I think so. For one thing, I admire that the film is a continuation (even if four years after the original event is a little too long) and they don’t try the same things the original did. The narrative allows more to be discovered, such as when Regan develops somewhat of a psychic ability and has an interesting conversation with Lamont about it and about how it can used to someone’s advantage before it can be used for evil. And when Lamont goes from place to place, country to country, finding out more than he expected, I was interested to find out more of what was beneath the surface of the mystery (even if the name “Pazuzu” is off-putting). And there are some chilling moments, such as the prologue and Lamont’s encounter with James Earl Jones’ Kucomo. But those chilling moments make way for conversations that sound false and moments that seem silly rather than frightening (such as loud chanting when the characters are in Africa). “Exorcist II: The Heretic” isn’t trying to be a horror film, necessarily, but more of an odd, unusual, spiritual journey in which characters find themselves facing against the Devil. And considering one of these characters (Regan) spent an entire film (the original “Exorcist”) with a demon inside her, that journey is all the more fascinating, especially when she develops her psychic gift (or is it a curse?). It almost feels like she’s being tested by God to make the right choices.

But sadly, Boorman doesn’t execute that intriguing element well, and it leads to a confusing climactic scene in which, again, I’m not entirely sure what happened and what was learned from it. I just know…there were a lot of locusts.

“Exorcist II: The Heretic” is a very strange film, but it’s not one of the worst movies ever made. There are parts I find interesting to watch and other parts I find maddening to watch, as well as parts that are simply absurd (such as when Regan casually says the line, “I was possessed by a demon”). I think if the plot was tighter, the people behind the making of the film were more confident about what they were trying to accomplish here, and, like I said, hypnotherapy was involved in the story (instead of that ridiculous machine), people would think differently about it. As is, it’s a mess, but it’s an intriguing mess.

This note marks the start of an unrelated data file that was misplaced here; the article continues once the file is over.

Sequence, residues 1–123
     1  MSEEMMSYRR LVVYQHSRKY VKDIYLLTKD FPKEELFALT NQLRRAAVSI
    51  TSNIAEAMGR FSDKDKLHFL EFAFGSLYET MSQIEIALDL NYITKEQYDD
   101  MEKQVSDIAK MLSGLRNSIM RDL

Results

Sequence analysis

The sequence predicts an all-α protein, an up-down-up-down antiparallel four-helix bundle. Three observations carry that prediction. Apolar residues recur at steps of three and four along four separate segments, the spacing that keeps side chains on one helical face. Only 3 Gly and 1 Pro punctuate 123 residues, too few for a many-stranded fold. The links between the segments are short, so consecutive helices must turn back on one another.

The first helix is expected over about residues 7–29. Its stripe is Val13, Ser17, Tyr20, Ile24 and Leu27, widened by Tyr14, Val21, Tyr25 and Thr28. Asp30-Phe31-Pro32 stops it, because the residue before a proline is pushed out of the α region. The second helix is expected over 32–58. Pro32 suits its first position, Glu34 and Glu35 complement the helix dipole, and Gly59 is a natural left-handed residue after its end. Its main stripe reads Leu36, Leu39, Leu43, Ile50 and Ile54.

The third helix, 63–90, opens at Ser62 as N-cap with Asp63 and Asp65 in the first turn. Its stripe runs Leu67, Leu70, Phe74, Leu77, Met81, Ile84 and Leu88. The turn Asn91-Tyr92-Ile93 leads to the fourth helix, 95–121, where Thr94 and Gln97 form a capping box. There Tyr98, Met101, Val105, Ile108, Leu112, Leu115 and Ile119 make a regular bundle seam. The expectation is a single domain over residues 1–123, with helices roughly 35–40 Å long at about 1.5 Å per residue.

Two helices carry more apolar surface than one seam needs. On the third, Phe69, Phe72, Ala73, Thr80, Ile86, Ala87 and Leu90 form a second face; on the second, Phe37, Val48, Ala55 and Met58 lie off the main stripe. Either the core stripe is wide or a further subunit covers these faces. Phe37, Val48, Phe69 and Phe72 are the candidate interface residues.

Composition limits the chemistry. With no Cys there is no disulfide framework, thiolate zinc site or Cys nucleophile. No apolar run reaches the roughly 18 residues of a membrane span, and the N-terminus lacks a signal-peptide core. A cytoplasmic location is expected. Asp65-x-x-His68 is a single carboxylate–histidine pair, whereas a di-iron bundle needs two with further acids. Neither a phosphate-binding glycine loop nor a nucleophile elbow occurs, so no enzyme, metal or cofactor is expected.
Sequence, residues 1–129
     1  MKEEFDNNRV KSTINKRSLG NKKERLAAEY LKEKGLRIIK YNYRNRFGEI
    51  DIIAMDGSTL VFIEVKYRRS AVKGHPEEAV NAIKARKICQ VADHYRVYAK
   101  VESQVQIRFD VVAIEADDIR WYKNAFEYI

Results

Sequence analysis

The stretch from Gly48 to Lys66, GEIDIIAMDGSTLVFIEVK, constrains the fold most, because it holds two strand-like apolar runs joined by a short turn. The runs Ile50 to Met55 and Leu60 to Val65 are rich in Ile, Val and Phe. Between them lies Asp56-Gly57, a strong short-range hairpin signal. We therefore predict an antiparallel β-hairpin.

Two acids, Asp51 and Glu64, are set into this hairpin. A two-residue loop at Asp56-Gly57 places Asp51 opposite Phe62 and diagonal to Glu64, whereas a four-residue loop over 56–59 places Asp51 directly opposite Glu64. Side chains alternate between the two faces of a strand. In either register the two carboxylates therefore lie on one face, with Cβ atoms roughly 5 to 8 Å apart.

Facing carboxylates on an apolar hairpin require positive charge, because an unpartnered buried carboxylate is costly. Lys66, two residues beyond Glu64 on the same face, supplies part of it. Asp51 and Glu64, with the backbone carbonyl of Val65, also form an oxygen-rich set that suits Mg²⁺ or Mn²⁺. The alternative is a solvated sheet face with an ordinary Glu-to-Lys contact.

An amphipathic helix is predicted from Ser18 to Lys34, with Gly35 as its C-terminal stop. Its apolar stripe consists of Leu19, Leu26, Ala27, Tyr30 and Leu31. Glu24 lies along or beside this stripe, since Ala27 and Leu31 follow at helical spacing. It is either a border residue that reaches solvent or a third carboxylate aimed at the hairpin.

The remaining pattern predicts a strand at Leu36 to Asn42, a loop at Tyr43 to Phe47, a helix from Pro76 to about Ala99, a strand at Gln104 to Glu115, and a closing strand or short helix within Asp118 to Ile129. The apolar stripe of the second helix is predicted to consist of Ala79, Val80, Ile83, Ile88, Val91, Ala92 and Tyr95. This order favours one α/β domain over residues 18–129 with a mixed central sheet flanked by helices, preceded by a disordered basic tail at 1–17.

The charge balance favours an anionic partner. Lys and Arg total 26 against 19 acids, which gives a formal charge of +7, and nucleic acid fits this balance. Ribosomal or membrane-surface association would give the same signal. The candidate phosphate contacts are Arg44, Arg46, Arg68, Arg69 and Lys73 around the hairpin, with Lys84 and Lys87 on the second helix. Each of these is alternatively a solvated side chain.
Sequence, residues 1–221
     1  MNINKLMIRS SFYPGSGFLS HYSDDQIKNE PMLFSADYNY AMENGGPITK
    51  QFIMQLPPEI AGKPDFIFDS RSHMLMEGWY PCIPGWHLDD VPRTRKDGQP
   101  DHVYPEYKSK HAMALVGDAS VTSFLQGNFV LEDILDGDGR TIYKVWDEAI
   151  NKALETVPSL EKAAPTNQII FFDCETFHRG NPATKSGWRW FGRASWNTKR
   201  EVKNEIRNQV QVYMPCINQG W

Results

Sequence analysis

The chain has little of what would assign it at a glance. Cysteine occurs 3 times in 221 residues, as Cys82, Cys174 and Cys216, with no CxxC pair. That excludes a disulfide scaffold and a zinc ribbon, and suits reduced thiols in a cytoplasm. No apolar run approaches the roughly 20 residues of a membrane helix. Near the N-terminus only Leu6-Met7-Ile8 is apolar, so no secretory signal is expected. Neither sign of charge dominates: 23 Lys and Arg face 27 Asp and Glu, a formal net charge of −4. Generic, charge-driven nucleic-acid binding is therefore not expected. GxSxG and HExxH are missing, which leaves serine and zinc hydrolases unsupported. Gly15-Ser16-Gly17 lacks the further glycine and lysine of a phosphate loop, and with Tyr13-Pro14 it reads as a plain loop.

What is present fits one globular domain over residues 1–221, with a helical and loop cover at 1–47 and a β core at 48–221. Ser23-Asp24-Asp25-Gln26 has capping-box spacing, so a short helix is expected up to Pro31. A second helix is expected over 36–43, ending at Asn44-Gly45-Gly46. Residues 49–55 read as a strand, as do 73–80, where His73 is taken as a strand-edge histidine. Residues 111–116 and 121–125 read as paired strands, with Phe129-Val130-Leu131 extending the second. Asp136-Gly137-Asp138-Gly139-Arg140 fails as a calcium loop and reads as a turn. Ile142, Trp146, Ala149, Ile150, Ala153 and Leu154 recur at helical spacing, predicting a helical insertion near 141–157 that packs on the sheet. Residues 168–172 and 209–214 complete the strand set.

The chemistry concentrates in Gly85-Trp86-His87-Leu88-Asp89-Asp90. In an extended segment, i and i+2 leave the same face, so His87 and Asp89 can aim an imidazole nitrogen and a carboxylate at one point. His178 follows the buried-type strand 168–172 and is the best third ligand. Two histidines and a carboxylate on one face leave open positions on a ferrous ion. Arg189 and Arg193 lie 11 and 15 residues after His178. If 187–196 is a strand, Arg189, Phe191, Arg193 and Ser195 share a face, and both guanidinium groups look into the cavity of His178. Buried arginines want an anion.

Serenity (2005)

9 Mar

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Smith’s Verdict: ****

Reviewed by Tanner Smith

Let’s talk about the one-season cultural-favorite TV show called “Firefly.” Created by the always imaginative Joss Whedon (who was also the mind behind the beloved TV series “Buffy the Vampire Slayer” before he went on to delight even more audiences with the “Avengers” movies), “Firefly” is an entertaining series that was ahead of its time, and it’s a shame it was cancelled after only 14 episodes (only 11 of which aired from late 2002 to early 2003). Set in the distant future, after an intergalactic civil war, “Firefly” followed the adventures of a rebel spaceship crew. They pick up a young doctor as a passenger, who brings on board his telepathic younger sister to protect her from the government that has secretly been training her as a weapon. The main story arc of the show revolves around keeping the girl protected before ultimately welcoming her as part of the “family” the crew has created for themselves. Undoubtedly due to the series’ witty sense of humor and flair for adventure, the series grew a large fan base.